Year : 2022 | Volume
: 36 | Issue : 2 | Page : 123-
Cataract surgery update
Department of Ophthalmology, Stein Eye Institute, Geffen School of Medicine, UCLA, Los Angeles, United States of America
Prof. Samuel Masket
Stein Eye Institute, Geffen School of Medicine, UCLA, Los Angeles
United States of America
|How to cite this article:|
Masket S. Cataract surgery update.Saudi J Ophthalmol 2022;36:123-123
|How to cite this URL:|
Masket S. Cataract surgery update. Saudi J Ophthalmol [serial online] 2022 [cited 2023 Jan 30 ];36:123-123
Available from: https://www.saudijophthalmol.org/text.asp?2022/36/2/123/354926
It is encouraging to note that despite the ongoing COVID-19 pandemic, our colleagues continue to move the art and science of cataract surgery forward through clinical research, compiling data, and developing manuscripts for submission to this Special Issue of the Saudi Journal of Ophthalmology, dedicated to Cataract. In keeping with a wide diversity of the demographics served by the Journal, there is a welcomed variety of articles in this issue. The subjects of the articles range from high-technology intraocular lenses (IOLs) (antidysphotopic and multifocal) and how to optimize their performance, to combined MIGS surgery (Kahook Blade) for glaucoma and cataract, to management of cataract in the uveitic patient, and to near-vision performance of monofocal IOLs in a rural Indian setting. There are also contributions regarding biometry for routine eyes, eyes with keratoconus, and eyes that underwent postexcimer laser corneal refractive surgery. Finally, there are papers that discuss cataract surgery in eyes with phakic IOLs (bilensectomy), posterior polar cataracts, ocular surface preparation for optimal cataract surgery outcomes, surgical methodology for eyes with microspherophakia, IOL implant options in the absence of posterior capsule support, and outcomes of eyes complicated by retained lens fragments at cataract surgery.
One controversial matter is raised by Arbisser who contends that routine cataract surgery should include primary posterior capsulorhexis with posterior optic capture into Berger's space. This strategy is employed in an attempt to prevent later posterior capsule opacification and the potential need for laser capsulotomy while yielding improved IOL stability and preservation of the anterior hyaloid membrane. Although her points are clear and substantiated by the work of others, there has been only limited acceptance of the concept to date.,,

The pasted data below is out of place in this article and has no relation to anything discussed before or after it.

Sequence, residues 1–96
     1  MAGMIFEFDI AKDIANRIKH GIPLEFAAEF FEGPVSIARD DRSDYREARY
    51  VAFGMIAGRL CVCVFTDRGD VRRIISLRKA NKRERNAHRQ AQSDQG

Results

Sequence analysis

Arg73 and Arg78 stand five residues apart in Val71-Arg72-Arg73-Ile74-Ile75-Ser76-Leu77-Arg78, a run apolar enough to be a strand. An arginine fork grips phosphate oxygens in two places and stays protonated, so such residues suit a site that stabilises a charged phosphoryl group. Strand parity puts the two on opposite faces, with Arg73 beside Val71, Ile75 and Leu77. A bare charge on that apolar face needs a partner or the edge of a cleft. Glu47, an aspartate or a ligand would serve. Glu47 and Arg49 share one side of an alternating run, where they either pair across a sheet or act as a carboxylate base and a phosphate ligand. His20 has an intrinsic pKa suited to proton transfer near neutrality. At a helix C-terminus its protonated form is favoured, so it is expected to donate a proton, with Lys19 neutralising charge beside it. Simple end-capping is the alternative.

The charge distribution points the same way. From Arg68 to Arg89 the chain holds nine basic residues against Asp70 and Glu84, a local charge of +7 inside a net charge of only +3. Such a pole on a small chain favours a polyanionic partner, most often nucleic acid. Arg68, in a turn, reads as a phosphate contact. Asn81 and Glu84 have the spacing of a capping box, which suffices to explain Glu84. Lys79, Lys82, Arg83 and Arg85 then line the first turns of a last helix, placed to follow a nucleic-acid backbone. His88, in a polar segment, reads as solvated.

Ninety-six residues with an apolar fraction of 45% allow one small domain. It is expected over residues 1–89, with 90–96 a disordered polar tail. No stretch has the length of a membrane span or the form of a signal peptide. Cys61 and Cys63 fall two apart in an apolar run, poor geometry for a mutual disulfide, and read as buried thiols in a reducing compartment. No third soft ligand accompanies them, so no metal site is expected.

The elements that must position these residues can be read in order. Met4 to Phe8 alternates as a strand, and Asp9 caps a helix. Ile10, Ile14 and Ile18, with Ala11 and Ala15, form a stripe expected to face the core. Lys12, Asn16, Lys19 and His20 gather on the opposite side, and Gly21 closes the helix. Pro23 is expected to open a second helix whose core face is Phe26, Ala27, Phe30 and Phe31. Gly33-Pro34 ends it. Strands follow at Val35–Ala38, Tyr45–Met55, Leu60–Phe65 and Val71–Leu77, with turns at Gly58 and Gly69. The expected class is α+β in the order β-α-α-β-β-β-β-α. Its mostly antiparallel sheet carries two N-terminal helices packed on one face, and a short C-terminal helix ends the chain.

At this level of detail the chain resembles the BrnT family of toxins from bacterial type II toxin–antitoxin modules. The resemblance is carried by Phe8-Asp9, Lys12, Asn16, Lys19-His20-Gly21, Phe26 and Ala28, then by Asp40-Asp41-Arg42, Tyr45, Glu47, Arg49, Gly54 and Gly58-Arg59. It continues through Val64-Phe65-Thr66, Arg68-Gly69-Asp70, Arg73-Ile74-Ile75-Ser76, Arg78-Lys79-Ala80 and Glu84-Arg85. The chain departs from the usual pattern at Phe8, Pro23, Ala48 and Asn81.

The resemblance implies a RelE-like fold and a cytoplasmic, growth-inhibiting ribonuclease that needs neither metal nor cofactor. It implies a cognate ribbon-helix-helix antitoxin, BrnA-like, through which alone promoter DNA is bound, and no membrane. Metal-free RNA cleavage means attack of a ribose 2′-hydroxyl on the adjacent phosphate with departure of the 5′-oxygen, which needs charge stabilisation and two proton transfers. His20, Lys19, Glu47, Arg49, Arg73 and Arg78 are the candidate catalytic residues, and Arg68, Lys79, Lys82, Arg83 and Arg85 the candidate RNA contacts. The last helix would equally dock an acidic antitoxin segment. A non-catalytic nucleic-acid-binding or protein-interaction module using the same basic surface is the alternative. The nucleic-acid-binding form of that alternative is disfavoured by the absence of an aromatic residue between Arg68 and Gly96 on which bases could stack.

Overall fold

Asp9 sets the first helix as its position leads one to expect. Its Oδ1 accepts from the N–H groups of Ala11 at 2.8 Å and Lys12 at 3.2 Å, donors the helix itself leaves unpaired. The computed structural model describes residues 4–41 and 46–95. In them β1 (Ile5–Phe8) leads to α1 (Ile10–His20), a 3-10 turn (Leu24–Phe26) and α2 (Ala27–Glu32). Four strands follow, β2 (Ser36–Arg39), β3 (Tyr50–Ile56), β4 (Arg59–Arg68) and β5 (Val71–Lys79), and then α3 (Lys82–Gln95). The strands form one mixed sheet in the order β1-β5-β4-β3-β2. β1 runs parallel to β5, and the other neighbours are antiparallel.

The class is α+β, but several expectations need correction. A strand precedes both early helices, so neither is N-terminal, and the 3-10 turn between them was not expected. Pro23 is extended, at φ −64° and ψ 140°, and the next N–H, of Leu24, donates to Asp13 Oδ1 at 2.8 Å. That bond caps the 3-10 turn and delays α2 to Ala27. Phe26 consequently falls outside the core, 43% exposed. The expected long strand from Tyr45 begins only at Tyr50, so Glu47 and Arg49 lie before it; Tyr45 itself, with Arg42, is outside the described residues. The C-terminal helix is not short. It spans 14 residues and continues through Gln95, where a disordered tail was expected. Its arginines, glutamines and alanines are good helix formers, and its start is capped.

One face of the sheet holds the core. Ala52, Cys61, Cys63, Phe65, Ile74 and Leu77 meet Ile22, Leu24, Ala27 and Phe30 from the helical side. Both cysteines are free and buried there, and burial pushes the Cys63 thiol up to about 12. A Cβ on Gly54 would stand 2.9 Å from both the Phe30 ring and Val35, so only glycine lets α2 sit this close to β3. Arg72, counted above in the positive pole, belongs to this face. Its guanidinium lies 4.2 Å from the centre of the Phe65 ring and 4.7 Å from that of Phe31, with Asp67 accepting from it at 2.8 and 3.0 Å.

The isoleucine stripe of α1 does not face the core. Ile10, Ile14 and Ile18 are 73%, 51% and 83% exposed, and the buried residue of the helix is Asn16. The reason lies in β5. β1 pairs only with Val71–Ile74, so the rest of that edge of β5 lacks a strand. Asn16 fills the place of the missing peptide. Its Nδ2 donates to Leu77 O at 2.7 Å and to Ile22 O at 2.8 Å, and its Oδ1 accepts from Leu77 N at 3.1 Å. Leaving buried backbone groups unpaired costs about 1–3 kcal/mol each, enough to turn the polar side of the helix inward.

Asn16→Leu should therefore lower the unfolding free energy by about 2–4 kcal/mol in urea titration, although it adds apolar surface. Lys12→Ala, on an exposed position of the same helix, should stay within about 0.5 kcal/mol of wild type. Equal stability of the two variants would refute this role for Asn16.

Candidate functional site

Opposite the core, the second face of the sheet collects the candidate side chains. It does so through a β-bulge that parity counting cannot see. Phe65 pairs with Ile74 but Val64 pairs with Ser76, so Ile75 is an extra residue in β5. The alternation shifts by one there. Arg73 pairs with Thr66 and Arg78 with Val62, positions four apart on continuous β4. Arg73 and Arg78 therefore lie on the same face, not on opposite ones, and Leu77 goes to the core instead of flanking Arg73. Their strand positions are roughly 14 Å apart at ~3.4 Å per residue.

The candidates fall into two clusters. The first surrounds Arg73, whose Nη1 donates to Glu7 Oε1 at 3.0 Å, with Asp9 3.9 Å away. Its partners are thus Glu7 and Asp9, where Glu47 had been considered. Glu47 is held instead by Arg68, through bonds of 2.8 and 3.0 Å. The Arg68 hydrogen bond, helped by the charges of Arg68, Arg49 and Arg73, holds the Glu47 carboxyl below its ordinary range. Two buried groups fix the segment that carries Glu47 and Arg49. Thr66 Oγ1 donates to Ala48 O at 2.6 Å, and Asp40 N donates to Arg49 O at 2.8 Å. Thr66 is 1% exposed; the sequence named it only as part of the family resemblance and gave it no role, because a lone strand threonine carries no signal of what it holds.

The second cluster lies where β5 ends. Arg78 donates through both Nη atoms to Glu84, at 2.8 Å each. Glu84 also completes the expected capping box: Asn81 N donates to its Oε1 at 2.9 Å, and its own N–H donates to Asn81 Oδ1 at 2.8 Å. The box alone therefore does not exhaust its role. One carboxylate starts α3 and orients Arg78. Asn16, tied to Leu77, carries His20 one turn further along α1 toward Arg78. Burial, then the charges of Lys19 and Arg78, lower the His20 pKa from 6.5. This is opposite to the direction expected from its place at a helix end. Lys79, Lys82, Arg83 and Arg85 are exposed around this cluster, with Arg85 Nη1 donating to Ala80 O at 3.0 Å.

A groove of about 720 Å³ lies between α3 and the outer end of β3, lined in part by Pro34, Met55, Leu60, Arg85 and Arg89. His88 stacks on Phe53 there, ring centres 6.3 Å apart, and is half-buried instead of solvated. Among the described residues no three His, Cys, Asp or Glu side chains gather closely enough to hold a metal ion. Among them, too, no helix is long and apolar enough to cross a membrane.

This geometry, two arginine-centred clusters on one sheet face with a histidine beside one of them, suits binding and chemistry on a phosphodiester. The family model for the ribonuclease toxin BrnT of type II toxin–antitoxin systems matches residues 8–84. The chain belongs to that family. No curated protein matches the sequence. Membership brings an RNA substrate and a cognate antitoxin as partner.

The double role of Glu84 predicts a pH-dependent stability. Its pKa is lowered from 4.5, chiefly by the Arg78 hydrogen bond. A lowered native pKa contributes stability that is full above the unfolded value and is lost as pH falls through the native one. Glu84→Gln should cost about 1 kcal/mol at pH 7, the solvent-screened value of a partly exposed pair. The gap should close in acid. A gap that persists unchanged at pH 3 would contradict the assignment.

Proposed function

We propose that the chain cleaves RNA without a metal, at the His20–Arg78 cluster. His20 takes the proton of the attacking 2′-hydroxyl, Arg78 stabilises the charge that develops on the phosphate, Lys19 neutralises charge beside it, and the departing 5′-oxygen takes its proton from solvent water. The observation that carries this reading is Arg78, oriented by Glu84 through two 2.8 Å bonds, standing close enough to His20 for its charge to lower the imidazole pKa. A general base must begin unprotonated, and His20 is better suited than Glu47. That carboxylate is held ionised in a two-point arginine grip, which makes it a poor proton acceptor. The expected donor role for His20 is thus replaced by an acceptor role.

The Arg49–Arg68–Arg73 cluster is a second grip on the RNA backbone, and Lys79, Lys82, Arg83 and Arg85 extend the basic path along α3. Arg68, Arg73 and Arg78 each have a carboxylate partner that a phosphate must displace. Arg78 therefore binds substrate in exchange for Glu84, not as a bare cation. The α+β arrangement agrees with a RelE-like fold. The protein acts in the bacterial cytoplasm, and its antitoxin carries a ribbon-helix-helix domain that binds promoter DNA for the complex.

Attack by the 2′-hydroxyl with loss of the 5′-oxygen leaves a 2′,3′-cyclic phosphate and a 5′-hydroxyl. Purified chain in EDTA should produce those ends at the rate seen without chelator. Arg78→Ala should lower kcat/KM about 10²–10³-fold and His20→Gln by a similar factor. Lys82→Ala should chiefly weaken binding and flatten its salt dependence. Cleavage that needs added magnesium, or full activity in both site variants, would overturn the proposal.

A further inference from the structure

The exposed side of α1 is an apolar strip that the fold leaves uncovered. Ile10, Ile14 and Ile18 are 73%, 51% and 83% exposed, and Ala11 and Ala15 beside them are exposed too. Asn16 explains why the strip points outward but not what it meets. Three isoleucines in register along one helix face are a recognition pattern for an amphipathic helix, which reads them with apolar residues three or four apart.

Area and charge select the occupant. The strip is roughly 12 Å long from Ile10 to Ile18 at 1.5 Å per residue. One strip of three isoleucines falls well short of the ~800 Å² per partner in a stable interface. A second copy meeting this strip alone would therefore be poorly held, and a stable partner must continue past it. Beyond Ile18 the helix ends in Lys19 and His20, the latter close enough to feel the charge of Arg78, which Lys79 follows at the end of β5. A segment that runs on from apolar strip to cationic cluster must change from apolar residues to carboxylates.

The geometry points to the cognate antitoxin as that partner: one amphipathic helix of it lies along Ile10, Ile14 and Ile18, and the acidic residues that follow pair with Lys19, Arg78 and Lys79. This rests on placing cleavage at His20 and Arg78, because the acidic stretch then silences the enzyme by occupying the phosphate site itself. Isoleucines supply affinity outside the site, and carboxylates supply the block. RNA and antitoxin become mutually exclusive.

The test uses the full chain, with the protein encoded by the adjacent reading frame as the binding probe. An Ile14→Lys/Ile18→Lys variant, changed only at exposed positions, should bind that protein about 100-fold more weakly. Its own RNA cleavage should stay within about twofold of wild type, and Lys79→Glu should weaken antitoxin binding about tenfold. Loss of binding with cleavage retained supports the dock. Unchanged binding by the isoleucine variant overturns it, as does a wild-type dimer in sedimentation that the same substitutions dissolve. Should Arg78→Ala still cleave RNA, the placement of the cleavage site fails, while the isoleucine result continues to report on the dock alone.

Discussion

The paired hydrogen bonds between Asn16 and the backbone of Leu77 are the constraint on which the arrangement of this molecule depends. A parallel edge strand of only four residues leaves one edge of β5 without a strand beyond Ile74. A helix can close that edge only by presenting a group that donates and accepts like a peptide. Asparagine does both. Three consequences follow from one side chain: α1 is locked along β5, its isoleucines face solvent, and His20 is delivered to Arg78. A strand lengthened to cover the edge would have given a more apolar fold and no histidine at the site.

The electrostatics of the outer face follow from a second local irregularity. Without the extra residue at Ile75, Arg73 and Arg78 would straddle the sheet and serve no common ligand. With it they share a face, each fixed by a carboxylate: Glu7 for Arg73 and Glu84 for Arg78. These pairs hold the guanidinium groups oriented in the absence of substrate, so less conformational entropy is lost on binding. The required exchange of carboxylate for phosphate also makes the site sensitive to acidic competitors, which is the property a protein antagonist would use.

Another subject worthy of debate addressed in this issue of the Journal is routine simultaneous bilateral cataract surgery (immediate sequential bilateral cataract surgery [ISBCS] as it is currently known), presented in an article from Alio and Nowrouzi. They suggest that this is a method whose time has come owing to improved optical biometry, intraoperative aberrometry, greater safety with regard to prevention of endophthalmitis; moreover, in light of the pandemic, ISBCS reduces patient visits to healthcare facilities and thus reduces the risk of COVID infection and transmission. In addition, they indicate that ISBCS reduces overall healthcare costs of cataract surgery for those patients in need of bilateral procedures. However, there is not a universal acceptance of ISBCS for a number of concerns, in particular that the rigid protocols established by the International Society of Bilateral Cataract Surgeons for the safe performance of bilateral surgery may not be adhered to across all surgeons, all cultures, and all healthcare systems.
In all, this special issue dedicated to Cataract should be of great interest and value to the readership while stimulating further thought and research into the subject. The contributors, editors, and editorial board should all be congratulated on this enormous task and its results.
|1||Arbisser LB. Review of primary posterior capsulorhexis in cataract surgery. Saudi J Ophthalmol 2022;36:149-56.|
|2||Menapace R. Posterior capsulorhexis combined with optic buttonholing: an alternative to standard in-the-bag implantation of sharp-edged intraocular lenses? A critical analysis of 1000 consecutive cases. Graefes Arch Clin Exp Ophthalmol 2008;246:787-801.|
|3||Tassignon MJ, De Groot V, Vrensen GF. Bag-in-the-lens implantation of intraocular lenses. J Cataract Refract Surg 2002;28:1182-8.|
|4||Vasavada AR, Vasavada V, Shah SK, Trivedi RH, Vasavada VA, Vasavada SA, et al. Postoperative outcomes of intraocular lens implantation in the bag versus posterior optic capture in pediatric cataract surgery. J Cataract Refract Surg 2017;43:1177-83.|
|5||Alio JL, Nowrouzi A. Immediately sequential bilateral cataract surgery importance during the COVID-19 pandemic. Saudi J Ophthal 2022;36:124-8.|
|6||Masket S. Same day bilateral cataract surgery-Who benefits? Ophthalmology 2021;128:11-2.|